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Discussion Starter · #29 ·
I was just under the hood for about an hour just inspecting hoses and mucking around... couple things


this was loose. I'm assuming it controls idle speed but I tightened it just enough for it to be not be loose.

Automotive tire Hood Motor vehicle Grille Automotive lighting


I noticed this hanging friend too, not sure if it's related...

Automotive tire Motor vehicle Rim Gas Automotive exterior
Automotive tire Gas Electric blue Metal Automotive wheel system


also someone did a nice janky tape job on this vacuum hose. it was actually coming apart behind the black tape:

Automotive tire Automotive exhaust Rim Automotive fuel system Automotive wheel system
Motor vehicle Automotive design Automotive fuel system Gas Auto part
 

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Discussion Starter · #30 ·
also this hose with the red arrow... I think it goes to the brake booster?

it was a bit loose, slightly loose just kinda "on" without being fastened. I threw a hose clamp on and I'm wondering if that might help with some possible vacuum leak. it is one of the hoses that I sprayed with starter fluid the other day and didn't really get a change in idle... but maybe something may change...
Automotive tire Motor vehicle Bumper Bicycle tire Rim
 

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Discussion Starter · #31 ·
ONE more thing that I just thought of, sometimes when I go from brake to gas at a red light, I feel like there's a bit of delay when I first put my foot on the gas, before it get's going.

sorry for the piecemeal
 

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1989 Range Rover Classic
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So lets go through those photos. The first is the throttle cable (good for it not to be loose), it actually doesn't control the idle, as the butterfly is supposed to be fully closed at idle and air into the engine is controlled through the little bypass port that is regulated by the IACV. That dangling pair of broken wires very likely come from the oil level sensor on the side of the sump, they break off easily and the sensor is unfortunately no longer available. It's not a huge concern, as long as you check your oil level regularly (like once a month or so) you shouldn't have any worries. I would definitely replace any suspicious vacuum hoses, a big spool of vacuum hose is cheap, and leaks can be quite an annoyance. In terms of a delay, as in you push the pedal and there's a dead spot before anything happens, or you push the pedal and a second later the revs start to rise?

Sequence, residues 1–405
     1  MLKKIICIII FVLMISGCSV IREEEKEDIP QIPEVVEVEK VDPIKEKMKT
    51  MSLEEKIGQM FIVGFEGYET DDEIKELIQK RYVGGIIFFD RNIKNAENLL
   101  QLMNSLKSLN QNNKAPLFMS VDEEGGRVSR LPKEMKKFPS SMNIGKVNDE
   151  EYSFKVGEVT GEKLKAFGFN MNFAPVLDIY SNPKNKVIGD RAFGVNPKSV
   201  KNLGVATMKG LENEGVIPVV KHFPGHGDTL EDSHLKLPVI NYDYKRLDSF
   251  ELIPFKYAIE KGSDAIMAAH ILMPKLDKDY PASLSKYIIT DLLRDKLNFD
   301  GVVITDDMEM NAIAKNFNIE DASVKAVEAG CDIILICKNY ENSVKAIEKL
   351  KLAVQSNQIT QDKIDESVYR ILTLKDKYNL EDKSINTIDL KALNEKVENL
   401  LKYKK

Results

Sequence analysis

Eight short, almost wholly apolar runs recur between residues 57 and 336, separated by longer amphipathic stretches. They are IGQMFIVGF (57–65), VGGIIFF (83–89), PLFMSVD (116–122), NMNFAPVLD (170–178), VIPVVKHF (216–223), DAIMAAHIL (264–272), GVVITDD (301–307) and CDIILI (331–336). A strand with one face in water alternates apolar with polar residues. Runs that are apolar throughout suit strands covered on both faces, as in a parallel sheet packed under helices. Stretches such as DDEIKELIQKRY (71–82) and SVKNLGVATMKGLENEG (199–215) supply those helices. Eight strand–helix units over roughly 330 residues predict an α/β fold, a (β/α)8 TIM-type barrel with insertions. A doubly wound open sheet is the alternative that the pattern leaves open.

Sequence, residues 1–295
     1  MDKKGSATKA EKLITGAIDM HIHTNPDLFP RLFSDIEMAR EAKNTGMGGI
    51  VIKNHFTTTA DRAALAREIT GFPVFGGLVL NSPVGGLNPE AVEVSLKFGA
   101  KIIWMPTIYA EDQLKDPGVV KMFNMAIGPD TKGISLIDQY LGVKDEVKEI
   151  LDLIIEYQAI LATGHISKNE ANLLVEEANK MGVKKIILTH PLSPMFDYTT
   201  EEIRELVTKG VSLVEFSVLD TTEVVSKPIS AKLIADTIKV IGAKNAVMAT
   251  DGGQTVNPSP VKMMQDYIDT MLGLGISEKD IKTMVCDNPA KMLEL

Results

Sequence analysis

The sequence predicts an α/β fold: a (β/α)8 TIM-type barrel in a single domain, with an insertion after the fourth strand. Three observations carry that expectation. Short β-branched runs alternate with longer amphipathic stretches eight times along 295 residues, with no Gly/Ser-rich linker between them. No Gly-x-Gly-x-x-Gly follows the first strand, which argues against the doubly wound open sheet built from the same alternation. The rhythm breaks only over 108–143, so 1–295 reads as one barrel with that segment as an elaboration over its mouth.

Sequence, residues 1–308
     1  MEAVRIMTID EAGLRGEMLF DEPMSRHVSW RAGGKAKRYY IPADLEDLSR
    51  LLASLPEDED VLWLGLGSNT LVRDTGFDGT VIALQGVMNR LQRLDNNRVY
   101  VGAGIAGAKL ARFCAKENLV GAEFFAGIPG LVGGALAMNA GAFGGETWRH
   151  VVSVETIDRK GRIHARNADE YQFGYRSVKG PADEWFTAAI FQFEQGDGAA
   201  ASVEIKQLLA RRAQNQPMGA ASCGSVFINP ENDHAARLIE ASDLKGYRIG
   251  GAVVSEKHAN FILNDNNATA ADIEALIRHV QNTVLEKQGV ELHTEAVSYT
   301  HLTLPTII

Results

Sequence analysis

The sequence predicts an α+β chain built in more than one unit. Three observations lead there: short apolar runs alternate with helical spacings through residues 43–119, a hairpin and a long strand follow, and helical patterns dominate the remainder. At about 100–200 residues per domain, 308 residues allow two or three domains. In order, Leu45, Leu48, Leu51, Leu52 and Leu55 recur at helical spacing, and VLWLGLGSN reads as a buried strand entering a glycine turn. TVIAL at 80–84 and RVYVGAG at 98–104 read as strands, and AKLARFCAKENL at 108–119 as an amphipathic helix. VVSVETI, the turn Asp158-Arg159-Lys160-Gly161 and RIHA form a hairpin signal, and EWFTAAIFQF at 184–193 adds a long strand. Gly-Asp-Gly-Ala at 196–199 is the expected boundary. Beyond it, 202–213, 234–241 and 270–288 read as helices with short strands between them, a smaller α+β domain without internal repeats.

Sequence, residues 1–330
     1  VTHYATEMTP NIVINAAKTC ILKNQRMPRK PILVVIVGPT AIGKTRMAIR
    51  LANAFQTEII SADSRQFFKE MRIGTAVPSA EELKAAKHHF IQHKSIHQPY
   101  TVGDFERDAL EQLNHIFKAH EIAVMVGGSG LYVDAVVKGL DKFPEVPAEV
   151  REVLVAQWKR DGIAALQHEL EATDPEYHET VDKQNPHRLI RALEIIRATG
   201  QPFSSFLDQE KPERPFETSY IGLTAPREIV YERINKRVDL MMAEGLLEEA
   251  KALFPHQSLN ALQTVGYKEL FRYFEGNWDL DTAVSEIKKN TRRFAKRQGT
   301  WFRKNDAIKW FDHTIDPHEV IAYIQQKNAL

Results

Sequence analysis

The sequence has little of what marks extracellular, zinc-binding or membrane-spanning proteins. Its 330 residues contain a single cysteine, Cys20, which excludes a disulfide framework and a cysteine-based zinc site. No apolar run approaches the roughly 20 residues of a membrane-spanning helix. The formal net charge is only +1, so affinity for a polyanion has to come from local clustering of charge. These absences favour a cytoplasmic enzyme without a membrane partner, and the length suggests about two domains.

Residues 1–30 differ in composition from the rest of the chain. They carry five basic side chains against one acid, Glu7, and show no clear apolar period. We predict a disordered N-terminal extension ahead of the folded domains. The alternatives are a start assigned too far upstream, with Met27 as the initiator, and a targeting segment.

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Discussion Starter · #33 ·
thanks lance. feels like a dead spot.

oil sensor: makes sense. the oil level light blinks a few times when the car is first running. then it goes off. I check the level every other day. also changing the oil/filter tomorrow or Friday, tossing some of that ceratec in there too (y).

I keep fiddling with the idea of changing the transmission fluid/filter myself. I've seen quite a few videos online (thanks Edd china) and it seems very straight forward, unless there's some type of stripped bolt or unforeseen issue. is it necessary to do it on a lift? I wonder how much of a pain getting off that cross member will be. might just bring it to the shop to have that done